There’s an advantage to having copies of your files out on the Web — in the “cloud,” as they say rather nebulously. They’re away from your home or office, so you’re safer from fire and other catastrophes. If you store them on a decent site, it will have its own backups. Online backup is cheap and sometimes free.
Like any good, cheap thing, online storage has its drawbacks. One concern is security. Someone could intercept your files in transit, or break into the storage site, and grab them. If you’ve got serious confidential information on them, such as credit cards, Social Security numbers, and passwords, this can be very bad. In some places, such as Massachusetts, it’s illegal to store what’s called “High Risk Confidential Information” or HRCI offsite without taking certain precautions. On the other hand, in some cases, such as medical services, you may be required to have offsite backup and to make sure it’s secure.
You can get some security by encrypting your files. Be sure that the encryption key is a good one and that it’s available to those who may need it, possibly years later, and not available to anyone else, including the backup site.
Online storage may go away unexpectedly. Omnidrive, a company based in Australia, was once highly regarded for its Web-based storage service, but it went away in 2008 without warning, along with all the files stored on it. It hasn’t been the only one.
When you start using an online backup service, be sure to test its restoration features early on. After a disaster happens isn’t the time to discover you’ve been copying files into a black hole.
Don’t look at a site’s terms of service. These exist to protect the site owner and guarantee absolutely nothing. The terms of service from Iron Mountain, one of the most reputable storage companies, say:
Neither Iron Mountain, any of its affiliates, directors, officers and employees, nor any other party involved in creating, producing or delivering the Site is liable for any direct, incidental, consequential, indirect or punitive damages arising out of your access to, or use of, the Site or the operation of the Site or failure of the Site to operate. In no event shall Iron Mountain be liable for any direct, indirect, special, punitive, incidental, exemplary or consequential, damages or any damages whatsoever, even if Iron Mountain has been previously advised of the possibility of such damages, whether in an action in contract, negligence, or any other theory, arising out of or in connection with the use, inability to use or performance of the information, services, products and materials available from this Site. These limitations shall apply notwithstanding any failure of essential purpose of any limited remedy.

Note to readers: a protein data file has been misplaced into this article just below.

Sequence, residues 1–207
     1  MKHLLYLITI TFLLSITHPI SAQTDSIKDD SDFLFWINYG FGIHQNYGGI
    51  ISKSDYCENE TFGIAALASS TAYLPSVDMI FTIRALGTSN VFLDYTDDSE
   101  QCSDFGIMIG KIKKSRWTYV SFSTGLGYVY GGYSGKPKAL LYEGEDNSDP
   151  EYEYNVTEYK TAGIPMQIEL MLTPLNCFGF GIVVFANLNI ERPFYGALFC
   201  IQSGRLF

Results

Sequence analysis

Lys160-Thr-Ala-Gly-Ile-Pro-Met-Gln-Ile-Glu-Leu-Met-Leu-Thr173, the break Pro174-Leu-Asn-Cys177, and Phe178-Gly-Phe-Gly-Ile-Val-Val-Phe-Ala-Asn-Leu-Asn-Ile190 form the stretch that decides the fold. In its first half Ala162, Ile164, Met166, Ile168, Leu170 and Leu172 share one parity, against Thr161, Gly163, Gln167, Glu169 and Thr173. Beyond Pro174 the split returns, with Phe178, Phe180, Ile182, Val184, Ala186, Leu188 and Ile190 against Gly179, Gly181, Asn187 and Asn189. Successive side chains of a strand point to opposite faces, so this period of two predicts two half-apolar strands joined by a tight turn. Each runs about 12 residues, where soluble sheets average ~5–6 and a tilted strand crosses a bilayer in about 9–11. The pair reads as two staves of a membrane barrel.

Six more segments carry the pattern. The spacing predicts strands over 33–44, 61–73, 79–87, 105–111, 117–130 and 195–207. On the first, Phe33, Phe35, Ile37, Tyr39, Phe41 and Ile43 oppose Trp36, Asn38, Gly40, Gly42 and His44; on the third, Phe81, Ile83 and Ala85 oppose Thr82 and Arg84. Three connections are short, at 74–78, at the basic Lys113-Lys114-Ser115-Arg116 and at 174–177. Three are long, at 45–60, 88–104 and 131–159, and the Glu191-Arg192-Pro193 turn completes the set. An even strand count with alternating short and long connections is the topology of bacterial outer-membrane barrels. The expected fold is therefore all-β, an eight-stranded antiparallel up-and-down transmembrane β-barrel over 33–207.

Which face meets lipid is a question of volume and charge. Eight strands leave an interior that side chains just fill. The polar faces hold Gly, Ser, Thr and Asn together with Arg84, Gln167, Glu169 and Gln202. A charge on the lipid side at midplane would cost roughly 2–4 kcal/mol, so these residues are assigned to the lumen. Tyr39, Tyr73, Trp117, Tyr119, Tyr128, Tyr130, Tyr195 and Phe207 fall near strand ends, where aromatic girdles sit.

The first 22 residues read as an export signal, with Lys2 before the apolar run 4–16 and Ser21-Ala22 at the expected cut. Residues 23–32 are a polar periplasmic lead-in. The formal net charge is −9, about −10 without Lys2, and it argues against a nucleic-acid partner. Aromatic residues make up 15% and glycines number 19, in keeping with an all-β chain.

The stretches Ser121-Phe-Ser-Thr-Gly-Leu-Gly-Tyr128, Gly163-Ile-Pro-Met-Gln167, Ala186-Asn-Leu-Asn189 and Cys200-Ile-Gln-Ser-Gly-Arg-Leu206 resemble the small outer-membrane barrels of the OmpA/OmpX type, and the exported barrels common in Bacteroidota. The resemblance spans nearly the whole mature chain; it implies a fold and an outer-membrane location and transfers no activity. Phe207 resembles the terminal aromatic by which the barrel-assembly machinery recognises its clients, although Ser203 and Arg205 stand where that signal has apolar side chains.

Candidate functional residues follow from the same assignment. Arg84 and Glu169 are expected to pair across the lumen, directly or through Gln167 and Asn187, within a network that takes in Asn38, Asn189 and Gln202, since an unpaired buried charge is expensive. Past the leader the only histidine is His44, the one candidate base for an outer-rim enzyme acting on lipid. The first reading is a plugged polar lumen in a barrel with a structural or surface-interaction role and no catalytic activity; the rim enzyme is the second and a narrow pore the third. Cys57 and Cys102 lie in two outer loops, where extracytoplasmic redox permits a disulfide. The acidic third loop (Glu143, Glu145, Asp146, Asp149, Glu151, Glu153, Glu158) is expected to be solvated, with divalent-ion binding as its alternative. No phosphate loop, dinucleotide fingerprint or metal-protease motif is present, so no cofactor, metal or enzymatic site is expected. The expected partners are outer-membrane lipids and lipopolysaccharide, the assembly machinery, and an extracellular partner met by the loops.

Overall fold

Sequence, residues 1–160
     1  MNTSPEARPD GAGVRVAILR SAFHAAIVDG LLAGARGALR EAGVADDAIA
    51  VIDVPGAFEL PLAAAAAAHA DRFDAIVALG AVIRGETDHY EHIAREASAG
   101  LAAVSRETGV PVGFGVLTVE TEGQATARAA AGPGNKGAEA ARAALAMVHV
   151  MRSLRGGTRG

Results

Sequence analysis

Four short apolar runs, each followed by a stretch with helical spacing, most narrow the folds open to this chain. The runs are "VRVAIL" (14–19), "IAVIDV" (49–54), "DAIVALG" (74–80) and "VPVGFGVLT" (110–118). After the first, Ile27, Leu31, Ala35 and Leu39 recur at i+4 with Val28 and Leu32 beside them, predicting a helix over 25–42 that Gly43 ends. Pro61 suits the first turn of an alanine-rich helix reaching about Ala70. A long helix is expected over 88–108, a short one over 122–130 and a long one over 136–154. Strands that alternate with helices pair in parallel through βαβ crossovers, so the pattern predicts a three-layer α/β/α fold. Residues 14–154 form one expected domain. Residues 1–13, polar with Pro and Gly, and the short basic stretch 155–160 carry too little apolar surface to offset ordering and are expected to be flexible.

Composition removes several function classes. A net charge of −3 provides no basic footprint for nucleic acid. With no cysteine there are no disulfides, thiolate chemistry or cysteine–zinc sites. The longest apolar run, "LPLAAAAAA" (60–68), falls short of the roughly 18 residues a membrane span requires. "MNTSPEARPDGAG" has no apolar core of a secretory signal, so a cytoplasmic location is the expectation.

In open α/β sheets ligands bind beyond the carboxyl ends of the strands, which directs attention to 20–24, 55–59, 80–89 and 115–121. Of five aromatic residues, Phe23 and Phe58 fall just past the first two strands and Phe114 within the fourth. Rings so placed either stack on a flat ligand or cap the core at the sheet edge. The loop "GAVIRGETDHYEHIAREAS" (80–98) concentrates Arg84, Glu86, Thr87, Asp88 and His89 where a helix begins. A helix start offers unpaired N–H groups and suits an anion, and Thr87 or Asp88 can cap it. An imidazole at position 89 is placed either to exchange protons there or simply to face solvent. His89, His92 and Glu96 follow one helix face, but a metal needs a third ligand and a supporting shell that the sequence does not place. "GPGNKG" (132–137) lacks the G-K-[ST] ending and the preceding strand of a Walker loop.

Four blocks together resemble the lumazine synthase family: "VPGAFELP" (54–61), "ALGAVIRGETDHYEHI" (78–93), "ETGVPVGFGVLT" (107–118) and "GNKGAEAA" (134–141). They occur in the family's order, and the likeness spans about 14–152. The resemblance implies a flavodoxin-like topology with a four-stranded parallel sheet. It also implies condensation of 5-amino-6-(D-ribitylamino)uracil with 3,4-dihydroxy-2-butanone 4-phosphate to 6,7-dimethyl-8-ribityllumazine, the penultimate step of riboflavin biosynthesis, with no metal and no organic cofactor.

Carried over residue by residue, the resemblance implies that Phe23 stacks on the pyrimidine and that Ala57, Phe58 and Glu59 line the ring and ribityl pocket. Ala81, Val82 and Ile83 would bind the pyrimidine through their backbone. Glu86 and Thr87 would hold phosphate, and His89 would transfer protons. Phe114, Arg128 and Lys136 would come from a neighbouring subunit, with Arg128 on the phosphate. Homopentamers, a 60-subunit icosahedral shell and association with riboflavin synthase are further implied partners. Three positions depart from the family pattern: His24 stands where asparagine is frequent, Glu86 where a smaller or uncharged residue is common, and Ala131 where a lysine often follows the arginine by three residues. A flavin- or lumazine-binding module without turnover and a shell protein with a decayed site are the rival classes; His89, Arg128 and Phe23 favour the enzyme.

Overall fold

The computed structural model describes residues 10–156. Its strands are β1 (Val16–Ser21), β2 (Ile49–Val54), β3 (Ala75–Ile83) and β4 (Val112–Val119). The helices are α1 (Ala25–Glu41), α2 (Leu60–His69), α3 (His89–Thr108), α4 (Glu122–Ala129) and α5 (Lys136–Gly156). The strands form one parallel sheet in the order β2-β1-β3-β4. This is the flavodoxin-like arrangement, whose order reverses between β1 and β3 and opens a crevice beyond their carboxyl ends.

What you need to look at, if you’re paying for the service, is the Service Level Agreement (SLA). These will, for the better sites, promise you reimbursement if service fails to live up to a specified standard. Not all sites post theirs online, but you should make sure to see it before committing to any money. At best you’ll just get part or all of your money back, which can be scant consolation for losing your files, but it’s an incentive for the company to meet its obligations. If you’re using a free service, then of course there’s no guarantee of any kind.
Internet bandwidth is a factor to consider. If you have lots of frequently changing files to back up, you may need to get a faster connection to keep up.
As with a local drive, you’re best off automating your backup so you don’t have to remember to do it. Most services offer software that will let you do this. Make sure the software offers reasonable security and doesn’t send your password in cleartext. Make sure you understand what it’s backing up: Some services back up your whole drive by default, possibly including stuff you don’t want anyone else to have a copy of, even encrypted. Stuff you keep for … artistic reasons.
Don’t just save and forget. Check occasionally on news about your backup service, so you don’t get caught by surprise if it gets sloppy, is acquired, or goes out of business.
Suggestions: If you take suitable precautions and make Internet-accessible services a part of your backup strategy, your data can be safer than before. But don’t make the “cloud” your primary backup plan if you don’t want your files to go up in smoke. Use more down-to-earth techniques for long-term storage.
Personal note: On Sunday, February 19, I’ll be on a panel at the Boskone science fiction convention on “Digital Estate — Virtual Property OR On the Internet, Nobody Knows You’re Dead.”